I am still working my way through Roger Ebert’s Best of 2010 list. This weekend I got to Noah Baumbach’s unprepossessing Greenberg, which is technically on Ebert’s Second Ten Best List…. The movie got little attention when it came out, and one can see how hard it would be to market. Ben Stiller cranky and unlikeable? No plot to speak of? No female name-brand star? The film trudges uphill as perversely as Roger Greenberg in this film still: he is a man in L.A. who can no longer drive a car. Yet the film is good: well written, very well performed. with its own quiet charm. Baumbach was not nearly as understated in his first success, The Squid and the Whale, as he is here, where nothing gets “explained” or “worked out.” The main characters–Greenberg, his brother’s personal assistant, and his college buddy–struggle through complicated, enmeshed relationships with credible awkwardness and grace. Their actors–Stiller, Greta Gerwig, and Rhys Ifans, respectively–deliver subtle, complex performances. Stiller is an especial surprise since we think we know him already. Here he is physically changed, his whole body slumped, his manic energy mostly tamed. He holds on to just enough charm to make you believe that these people put up with him.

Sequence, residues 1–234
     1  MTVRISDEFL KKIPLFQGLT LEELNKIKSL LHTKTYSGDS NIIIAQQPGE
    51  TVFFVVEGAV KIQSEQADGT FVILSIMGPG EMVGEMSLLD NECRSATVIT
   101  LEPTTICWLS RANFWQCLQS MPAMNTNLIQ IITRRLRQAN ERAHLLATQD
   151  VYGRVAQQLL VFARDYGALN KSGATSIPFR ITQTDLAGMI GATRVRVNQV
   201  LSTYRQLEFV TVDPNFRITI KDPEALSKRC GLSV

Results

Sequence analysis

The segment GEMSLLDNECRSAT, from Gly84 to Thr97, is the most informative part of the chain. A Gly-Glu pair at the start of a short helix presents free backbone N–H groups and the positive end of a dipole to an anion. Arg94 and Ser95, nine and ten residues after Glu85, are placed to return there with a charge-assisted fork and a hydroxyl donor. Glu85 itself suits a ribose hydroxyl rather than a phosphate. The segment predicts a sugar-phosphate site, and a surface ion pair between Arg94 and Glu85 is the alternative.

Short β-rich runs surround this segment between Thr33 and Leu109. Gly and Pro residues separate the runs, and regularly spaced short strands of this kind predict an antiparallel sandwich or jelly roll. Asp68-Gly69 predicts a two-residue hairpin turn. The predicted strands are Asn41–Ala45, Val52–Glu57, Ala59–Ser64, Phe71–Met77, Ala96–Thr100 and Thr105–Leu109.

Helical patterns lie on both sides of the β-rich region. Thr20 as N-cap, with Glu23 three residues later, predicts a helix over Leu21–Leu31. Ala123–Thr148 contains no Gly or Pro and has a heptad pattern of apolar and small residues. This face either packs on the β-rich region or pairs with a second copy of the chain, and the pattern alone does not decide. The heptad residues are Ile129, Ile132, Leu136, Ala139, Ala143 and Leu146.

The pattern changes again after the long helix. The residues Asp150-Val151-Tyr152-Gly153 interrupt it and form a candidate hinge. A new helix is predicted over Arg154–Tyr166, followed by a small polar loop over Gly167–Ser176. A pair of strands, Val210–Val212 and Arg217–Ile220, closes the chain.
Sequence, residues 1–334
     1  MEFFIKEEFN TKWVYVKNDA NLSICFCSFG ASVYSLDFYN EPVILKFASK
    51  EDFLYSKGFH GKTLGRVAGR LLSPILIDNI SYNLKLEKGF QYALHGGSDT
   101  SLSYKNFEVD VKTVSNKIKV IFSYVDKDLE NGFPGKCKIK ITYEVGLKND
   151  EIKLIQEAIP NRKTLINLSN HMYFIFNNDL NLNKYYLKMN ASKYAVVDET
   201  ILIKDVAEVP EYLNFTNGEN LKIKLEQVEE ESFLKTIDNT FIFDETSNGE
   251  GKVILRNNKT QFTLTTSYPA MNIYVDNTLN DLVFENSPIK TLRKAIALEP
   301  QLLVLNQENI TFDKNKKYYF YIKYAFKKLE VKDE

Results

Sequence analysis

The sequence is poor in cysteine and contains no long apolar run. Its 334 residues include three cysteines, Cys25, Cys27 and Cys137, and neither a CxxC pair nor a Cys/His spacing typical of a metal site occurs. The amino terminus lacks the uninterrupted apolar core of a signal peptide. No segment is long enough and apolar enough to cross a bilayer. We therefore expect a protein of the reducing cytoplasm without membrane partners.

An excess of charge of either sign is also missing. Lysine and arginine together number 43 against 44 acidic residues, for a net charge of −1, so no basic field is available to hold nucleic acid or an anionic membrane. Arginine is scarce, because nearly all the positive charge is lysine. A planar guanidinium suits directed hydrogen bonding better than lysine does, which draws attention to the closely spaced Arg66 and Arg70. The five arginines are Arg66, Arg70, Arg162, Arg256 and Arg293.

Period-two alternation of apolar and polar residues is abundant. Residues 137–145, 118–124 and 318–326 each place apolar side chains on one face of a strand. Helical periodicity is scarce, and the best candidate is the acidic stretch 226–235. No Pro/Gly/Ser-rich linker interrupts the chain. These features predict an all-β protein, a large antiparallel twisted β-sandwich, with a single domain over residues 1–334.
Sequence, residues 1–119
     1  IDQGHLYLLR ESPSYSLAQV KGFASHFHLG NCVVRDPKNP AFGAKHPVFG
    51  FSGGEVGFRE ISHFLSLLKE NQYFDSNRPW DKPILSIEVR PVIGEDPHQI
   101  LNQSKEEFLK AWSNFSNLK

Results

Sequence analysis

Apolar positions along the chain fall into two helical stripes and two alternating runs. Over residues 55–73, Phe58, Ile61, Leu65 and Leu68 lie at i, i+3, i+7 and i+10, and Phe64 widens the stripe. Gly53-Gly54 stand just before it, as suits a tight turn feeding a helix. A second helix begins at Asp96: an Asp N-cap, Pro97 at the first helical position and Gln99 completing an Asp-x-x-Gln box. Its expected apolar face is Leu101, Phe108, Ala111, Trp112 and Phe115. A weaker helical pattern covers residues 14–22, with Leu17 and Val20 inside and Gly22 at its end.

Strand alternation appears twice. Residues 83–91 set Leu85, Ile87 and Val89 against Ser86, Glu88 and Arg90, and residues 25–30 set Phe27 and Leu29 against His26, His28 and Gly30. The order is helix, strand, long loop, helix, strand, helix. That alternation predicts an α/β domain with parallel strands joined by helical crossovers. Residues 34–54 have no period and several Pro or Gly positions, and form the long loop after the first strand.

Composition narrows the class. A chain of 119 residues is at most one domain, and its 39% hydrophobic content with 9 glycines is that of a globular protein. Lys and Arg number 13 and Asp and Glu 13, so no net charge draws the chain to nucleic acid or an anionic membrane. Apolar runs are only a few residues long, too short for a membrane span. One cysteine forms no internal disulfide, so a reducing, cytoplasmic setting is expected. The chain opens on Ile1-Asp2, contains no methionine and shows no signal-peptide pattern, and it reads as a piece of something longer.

The film begins, somewhat perversely too, by following Greta Gerwig’s character around on her odyssey of errands in L.A. The camera stays close to her face, but she is utterly unselfconscious. At the steering wheel, she turns to face us. “Will you let me in?” she asks an unseen driver. Yes! She celebrates. Then, later, again: “will you let me in?” No, not this time. She sighs. The scene seems a microcosm of the film as a whole: as difficult and unpredictable as Greenberg himself, but earning its tiny triumphs.